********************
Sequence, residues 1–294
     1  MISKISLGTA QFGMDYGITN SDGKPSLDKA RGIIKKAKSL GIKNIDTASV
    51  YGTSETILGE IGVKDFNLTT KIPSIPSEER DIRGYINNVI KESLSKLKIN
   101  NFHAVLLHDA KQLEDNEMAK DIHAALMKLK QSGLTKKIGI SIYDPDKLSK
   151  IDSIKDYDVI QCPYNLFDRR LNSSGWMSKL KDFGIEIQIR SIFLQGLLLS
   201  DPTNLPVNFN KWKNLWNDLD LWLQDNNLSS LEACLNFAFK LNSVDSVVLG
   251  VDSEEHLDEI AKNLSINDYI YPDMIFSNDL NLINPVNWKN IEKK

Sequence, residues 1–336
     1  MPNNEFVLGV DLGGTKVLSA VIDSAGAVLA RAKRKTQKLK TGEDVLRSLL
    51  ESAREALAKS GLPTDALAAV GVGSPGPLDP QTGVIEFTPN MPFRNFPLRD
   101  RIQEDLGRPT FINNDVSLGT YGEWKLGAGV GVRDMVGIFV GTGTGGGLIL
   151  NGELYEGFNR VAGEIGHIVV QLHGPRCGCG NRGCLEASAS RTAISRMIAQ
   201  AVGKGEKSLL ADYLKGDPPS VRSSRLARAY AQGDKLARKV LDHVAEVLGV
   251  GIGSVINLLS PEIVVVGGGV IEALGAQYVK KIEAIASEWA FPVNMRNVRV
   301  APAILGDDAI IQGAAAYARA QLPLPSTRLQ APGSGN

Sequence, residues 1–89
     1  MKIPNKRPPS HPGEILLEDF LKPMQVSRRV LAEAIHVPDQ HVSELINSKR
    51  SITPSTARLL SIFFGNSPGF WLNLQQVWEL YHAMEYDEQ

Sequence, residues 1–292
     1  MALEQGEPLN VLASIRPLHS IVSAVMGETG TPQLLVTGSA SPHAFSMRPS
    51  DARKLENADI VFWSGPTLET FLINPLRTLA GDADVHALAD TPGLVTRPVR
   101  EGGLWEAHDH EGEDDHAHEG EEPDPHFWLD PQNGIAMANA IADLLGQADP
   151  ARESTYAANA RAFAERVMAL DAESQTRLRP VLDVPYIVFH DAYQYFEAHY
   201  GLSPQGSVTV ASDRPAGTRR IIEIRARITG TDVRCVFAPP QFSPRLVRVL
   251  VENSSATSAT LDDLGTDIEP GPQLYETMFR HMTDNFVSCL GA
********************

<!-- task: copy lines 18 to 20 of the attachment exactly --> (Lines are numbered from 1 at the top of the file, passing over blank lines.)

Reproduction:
    51  SITPSTARLL SIFFGNSPGF WLNLQQVWEL YHAMEYDEQ

Sequence, residues 1–292
     1  MALEQGEPLN VLASIRPLHS IVSAVMGETG TPQLLVTGSA SPHAFSMRPS